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#4 WNYTractorTinkerer ONLINE  

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Posted December 31, 2012 - 09:29 AM

Water in the oil makes it white just like in engines..  As compressed air expands it releases any moisture it contains..  The gooey stuff you are seeing is oil mixed with the condensation..  I installed a neat little contraption to drain the watery goo out of the tank daily without fighting to get under the darn thing and messing with that dang butterfly valve..  I use a 1/4 male NPT 90 degree ELL which has a 1/4" copper pipe fitting on the other side.  I installed this in the bottom opening of the tank and routed it up where it is convenient to drain into a pail or bucket.  Somewhere in the pipe run I install a 1/4" finger valve and just drain the water / goo out of the tank daily.  As far as the compressor goes you have leaking rings but if it pumps right up as you say, I'dn just investigate parts and help availability as Caseguy says..

 

Other things you can do is install traps @ low points in the air runs to drain it there as well..  A bit of persistent draining should get most of the junk out of your lines in short order..

 

Good Luck!



#5 Oo-v-oO OFFLINE  

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Posted December 31, 2012 - 09:34 AM

Yeah, that bird crap looking stuff is an emulsification of oil and water. Not an unusual thing to see. 

 

I'll second leaking rings, especially if it didn't do it before and nothing has changed. 

 

Can't help with availability of parts, sorry. 



#6 Bmerf ONLINE  

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Posted December 31, 2012 - 10:10 AM

... Before getting too worried try a few simple things. 1. Change the oil with the exact oil that your manual recommends. My oil is a pain to get but the wrong oil can cause problems. 2. Drain the tank everytime you use it and the morning after. In very humind weather when I'm running mine continuously, I crack the drain valve a little so that it can continuously drain. 3. Service the inlet air filter. 4. Thoroughly clean both traps too. Good Luck

:ditto:

When was the last time the oil was changed? Could be one of the oil rings on the piston is sticking and allowing excess oil to the compression ring. Change with recommended oil and see what happens.



#7 Guest_Franz©_*

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Posted January 02, 2013 - 12:58 AM

Going through my list of sites for Emglo leads me to think the current situation with regard to going direct to the company for help is just not happening.  Somebody still at the company who actually knows anything about your machine, good luck.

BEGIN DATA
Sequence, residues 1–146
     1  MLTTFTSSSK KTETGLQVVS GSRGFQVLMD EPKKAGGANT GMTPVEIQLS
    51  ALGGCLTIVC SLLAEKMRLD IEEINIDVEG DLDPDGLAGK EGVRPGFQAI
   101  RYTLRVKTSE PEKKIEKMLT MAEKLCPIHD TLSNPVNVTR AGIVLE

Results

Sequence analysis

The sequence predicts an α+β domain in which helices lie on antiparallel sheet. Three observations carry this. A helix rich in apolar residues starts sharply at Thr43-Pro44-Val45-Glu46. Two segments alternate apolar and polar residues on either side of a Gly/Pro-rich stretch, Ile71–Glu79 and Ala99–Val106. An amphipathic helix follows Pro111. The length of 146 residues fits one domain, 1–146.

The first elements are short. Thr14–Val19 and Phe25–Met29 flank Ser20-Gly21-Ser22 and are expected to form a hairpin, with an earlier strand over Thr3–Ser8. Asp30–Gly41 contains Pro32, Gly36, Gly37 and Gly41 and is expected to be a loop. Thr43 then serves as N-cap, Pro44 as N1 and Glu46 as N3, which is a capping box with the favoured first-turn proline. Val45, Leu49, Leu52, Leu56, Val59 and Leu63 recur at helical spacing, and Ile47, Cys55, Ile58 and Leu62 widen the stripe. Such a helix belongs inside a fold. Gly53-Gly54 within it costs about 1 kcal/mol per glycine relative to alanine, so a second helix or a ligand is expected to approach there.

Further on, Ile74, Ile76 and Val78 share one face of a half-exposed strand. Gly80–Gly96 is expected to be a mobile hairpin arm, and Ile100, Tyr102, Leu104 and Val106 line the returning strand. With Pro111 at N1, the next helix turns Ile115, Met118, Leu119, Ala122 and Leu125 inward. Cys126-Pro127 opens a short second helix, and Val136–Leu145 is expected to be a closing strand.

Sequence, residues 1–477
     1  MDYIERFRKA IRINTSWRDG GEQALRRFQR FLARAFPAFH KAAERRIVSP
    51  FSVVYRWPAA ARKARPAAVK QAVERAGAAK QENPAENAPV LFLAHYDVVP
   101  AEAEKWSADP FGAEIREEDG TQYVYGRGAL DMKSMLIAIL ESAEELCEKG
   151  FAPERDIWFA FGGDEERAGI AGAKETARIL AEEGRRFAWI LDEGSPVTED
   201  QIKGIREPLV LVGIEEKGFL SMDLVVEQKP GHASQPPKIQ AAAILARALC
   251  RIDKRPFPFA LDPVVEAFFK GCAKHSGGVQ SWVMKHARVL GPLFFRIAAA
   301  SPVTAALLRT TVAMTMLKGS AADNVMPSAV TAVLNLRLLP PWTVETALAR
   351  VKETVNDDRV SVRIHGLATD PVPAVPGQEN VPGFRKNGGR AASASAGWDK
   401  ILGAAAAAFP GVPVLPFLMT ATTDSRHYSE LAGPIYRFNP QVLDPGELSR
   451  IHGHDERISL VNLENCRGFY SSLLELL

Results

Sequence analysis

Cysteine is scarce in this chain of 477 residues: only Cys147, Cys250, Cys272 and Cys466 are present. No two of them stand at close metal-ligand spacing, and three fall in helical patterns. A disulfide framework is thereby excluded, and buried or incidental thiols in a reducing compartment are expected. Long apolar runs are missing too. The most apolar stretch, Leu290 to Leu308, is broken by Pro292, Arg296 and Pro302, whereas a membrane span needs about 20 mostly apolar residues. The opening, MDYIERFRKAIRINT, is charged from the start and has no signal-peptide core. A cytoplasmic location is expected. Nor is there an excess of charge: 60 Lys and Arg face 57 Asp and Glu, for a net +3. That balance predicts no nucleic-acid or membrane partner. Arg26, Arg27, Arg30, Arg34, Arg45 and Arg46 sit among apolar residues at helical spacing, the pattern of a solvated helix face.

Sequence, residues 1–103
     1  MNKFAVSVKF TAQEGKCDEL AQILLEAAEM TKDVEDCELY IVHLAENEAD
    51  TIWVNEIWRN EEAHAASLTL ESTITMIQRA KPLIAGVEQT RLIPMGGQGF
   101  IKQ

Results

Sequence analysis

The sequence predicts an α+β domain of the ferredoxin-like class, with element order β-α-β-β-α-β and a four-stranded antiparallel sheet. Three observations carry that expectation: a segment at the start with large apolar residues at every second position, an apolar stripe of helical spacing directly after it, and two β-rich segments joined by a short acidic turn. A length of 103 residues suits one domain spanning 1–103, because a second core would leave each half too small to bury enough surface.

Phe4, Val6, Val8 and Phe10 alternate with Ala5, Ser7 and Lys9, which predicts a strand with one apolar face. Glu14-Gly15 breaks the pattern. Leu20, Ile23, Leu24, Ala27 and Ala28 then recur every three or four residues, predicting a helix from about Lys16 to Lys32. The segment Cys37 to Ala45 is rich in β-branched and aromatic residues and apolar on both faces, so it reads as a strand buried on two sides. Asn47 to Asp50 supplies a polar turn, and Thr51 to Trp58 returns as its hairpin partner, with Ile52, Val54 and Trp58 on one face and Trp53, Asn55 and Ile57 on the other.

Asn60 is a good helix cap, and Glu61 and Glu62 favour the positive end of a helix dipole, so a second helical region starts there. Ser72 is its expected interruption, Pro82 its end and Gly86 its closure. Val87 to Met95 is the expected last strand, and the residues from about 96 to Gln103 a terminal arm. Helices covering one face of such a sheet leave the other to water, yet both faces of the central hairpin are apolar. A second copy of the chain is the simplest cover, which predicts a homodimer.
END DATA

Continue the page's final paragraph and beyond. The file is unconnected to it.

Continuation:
On the other side of the street, Emglo sold so many units support still exists through independent distributors, and probably will for years to come.  This outfit is good to deal with, assuming they survived the hurricane.  http://www.iccparts.com/



#8 dodge trucker OFFLINE  

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Posted January 02, 2013 - 02:40 AM

hours of use wise probably 50 hours ago... it does seem to have been sespecially since the last oil change I have really  noticed this   in 10+ years of owning and using this compressor I never really seemed to notice much in the tank or in the traps other than plain water.... if this unit had been doing this all along I would not have posed the question.... it is acting "different" and I am trying to figure out why that is.



#9 boyscout862 OFFLINE  

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Posted January 03, 2013 - 11:28 PM

hours of use wise probably 50 hours ago... it does seem to have been sespecially since the last oil change I have really  noticed this   in 10+ years of owning and using this compressor I never really seemed to notice much in the tank or in the traps other than plain water.... if this unit had been doing this all along I would not have posed the question.... it is acting "different" and I am trying to figure out why that is.

 

Suspect the new oil then. Do the change to the correct oil. Good Luck



#10 Texas Deere and Horse ONLINE  

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Posted January 04, 2013 - 01:39 AM

I would change the oil with the proper oil. If that doesn't fix it, I would then look at the rings.